Officials: International students won't face immigration penalties during college strike
Paola Loriggio, The Canadian Press
Published Sunday, October 22, 2017 10:30AM EDT
Last Updated Sunday, October 22, 2017 11:56AM EDT
Tens of thousands of international students affected by a faculty strike at Ontario colleges are being reassured by immigration officials that they won't be penalized for a delay that is beyond their control.
But some international students say the work stoppage, which began last Monday, has them worrying about finances as well as their education and immigration status.
"It is very stressful," said Noble Thomas, 24, a human resources management student at Confederation College in Thunder Bay, Ont.
Thomas, who came to Canada two years ago from India, said each week on strike represents a loss of roughly $800 in tuition fees, not to mention the additional money spent on rent if the semester is prolonged once faculty return to work.
And though he has a job at the Liquor Control Board of Ontario, Thomas said international students are limited to 20 hours of work per week. What's more, he said, uncertainty over the length of the strike prevents students from scheduling additional shifts.
Schools should be giving refunds for the time lost, he said -- a sentiment expressed by domestic and international students alike in a petition that had garnered nearly 100,000 signatures by Sunday morning.
Several colleges in the province said they recognized the concerns raised by the strike and hoped it would end before the more than 40,000 international students enrolled in Ontario colleges felt financial -- or other -- difficulties.
Officials at Humber, George Brown and Confederation colleges also stressed that other services remain available during the strike, including support for international students concerned about their visas or study permits.
"We haven't started down the path of refunds yet," said Kim Smith, associate director of international admissions and student services at Humber College, where some 5,000 international students are enrolled.
"In the past, this has always been decided by the province and not by an individual college so at this time we're kind of waiting to see what comes out of that," she said.
A spokeswoman for the Ontario ministry of advanced education and skills development would not say whether the province was considering refunds.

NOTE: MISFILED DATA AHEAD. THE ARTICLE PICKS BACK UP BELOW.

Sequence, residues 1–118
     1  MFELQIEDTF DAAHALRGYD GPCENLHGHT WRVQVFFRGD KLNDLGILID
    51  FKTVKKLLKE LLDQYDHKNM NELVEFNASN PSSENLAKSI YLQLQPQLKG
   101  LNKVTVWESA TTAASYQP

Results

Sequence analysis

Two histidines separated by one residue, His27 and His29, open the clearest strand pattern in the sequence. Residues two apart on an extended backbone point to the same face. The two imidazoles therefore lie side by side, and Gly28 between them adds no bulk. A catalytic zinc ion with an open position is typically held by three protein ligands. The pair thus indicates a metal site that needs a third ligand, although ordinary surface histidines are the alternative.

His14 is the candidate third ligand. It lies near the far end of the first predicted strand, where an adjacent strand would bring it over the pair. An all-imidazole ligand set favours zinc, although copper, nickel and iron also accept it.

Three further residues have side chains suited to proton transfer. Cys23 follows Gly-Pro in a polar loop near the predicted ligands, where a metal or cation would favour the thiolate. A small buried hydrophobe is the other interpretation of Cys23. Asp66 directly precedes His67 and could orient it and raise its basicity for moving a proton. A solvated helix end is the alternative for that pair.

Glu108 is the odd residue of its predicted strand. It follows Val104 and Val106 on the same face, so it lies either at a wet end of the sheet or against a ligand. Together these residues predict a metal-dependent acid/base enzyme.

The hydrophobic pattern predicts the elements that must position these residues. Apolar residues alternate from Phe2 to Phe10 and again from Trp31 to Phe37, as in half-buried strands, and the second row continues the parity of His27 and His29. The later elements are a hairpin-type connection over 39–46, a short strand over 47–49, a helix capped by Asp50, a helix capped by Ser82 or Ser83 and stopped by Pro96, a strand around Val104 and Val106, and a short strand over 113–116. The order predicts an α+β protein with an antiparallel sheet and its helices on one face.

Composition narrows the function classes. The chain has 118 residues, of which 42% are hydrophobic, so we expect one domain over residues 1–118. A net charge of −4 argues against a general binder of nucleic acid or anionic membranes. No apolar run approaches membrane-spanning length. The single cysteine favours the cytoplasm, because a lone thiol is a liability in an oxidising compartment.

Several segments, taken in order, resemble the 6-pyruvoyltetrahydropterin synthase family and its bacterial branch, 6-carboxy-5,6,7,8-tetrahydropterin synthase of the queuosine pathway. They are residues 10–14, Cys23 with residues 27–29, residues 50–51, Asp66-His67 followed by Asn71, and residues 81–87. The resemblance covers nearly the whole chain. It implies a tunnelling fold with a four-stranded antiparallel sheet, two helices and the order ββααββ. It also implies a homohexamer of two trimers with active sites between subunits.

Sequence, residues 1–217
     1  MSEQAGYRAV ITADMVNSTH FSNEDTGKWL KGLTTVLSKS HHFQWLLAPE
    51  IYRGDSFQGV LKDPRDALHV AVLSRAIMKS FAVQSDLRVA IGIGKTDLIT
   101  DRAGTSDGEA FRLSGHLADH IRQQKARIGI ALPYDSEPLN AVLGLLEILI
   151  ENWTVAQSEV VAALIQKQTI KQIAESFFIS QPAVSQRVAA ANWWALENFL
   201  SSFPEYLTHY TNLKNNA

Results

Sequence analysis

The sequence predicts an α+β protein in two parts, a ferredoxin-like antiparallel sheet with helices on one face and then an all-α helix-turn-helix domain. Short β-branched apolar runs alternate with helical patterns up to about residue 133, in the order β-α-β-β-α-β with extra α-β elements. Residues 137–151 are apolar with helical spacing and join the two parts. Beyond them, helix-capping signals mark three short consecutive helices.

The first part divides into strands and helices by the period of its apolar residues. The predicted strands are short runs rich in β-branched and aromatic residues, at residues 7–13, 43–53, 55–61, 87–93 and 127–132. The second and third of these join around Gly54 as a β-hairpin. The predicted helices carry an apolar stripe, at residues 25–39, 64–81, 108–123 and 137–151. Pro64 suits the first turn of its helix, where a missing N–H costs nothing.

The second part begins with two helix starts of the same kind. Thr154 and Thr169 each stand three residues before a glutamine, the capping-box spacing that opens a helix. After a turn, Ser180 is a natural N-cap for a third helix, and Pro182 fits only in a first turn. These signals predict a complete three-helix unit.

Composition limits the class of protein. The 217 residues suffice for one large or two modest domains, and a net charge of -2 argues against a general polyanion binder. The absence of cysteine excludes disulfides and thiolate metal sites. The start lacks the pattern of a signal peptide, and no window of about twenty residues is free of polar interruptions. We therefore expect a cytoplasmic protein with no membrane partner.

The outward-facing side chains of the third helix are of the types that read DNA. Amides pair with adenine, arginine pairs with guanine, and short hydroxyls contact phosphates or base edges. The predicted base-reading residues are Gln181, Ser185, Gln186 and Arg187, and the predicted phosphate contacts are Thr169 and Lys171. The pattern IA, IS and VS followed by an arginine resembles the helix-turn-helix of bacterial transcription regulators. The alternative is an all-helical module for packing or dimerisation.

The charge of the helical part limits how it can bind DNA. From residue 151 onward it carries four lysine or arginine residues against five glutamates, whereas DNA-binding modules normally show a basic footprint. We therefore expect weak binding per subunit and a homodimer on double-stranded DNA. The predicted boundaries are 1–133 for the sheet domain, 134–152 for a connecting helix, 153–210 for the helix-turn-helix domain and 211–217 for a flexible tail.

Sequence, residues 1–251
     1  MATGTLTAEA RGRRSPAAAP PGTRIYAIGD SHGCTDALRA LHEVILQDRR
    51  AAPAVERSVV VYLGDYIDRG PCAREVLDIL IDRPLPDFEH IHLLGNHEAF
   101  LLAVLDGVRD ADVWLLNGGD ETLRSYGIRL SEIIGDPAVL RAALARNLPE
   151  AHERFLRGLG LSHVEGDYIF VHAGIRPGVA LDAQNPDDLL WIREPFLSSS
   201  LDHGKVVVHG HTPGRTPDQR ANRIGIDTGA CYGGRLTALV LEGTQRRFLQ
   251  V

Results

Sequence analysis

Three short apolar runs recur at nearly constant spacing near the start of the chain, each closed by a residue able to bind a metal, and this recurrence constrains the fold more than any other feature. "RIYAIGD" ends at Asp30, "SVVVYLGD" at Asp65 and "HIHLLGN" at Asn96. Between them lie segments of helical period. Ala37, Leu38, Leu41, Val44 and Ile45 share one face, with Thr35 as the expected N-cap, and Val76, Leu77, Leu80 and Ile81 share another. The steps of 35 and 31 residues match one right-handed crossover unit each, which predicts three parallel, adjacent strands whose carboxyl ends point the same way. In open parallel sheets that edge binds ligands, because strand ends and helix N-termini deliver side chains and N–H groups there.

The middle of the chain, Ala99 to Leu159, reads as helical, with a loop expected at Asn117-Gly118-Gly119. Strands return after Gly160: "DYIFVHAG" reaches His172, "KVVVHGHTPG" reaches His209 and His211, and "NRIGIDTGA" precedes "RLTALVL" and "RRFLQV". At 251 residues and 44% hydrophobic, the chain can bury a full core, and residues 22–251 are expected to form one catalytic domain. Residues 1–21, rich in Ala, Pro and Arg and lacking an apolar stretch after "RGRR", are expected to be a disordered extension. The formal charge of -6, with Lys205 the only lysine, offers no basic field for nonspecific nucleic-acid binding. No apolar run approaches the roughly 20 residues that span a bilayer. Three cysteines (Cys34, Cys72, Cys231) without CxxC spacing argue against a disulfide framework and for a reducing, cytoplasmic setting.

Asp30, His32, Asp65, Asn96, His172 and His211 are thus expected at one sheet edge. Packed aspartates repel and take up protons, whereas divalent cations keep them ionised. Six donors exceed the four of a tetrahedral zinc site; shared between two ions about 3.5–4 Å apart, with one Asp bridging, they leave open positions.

"We are optimistic that the two parties will return to the table to work to reach a successful, negotiated settlement that is in the best interests of all parties, with a focus on students and their learning," Tanya Blazina said in an email.
"I know that all students, domestic and international, are upset about the strike, and understandably concerned for what the impact could be on their education. While the uncertainty students face is challenging, I want them to know that previous college strikes have not led to students losing their semester."
Meanwhile, Immigration, Refugees and Citizenship Canada is seeking to relieve international students' fears about the fate of their visas and permits.
"Study permits include the condition that the student must make continual progress towards the completion of their program," said Beatrice Fenelon, a spokeswoman for the department.
"However, international students whose studies have been affected by the labour dispute at some designated learning institutions in Ontario will not face enforcement action for being unable to fulfill that condition, as it is a circumstance beyond their control."
International students who need to apply for extensions should include with their application a letter from their school's registrar confirming the impact of the strike, she said.
And while students are required to have studied continuously in order to qualify for a post-graduation work permit, the interruption caused by the strike won't affect their eligibility, she said.
John Porter, director of international admissions and student services at Toronto's George Brown College, said most students have study permits that span the duration of their program, plus a 90-day grace period afterwards so they can apply for a post-graduation work permit.
Permit extensions are "fairly common" even in a normal school year, said Porter, himself a regulated international student immigration adviser.
"We're not really expecting that because of this current work stoppage situation that we'll have a really great increase in the need for study permit extensions unless it goes beyond X number of weeks," he said.
Thomas, whose program and permit are scheduled to end in December, said there won't be enough time to apply for a work permit if the school year encroaches on the 90-day grace period, since that process can take months.
So the strike could also put international students' job prospects at risk, he said. "If everything goes alright, I would like to stay here to experience more."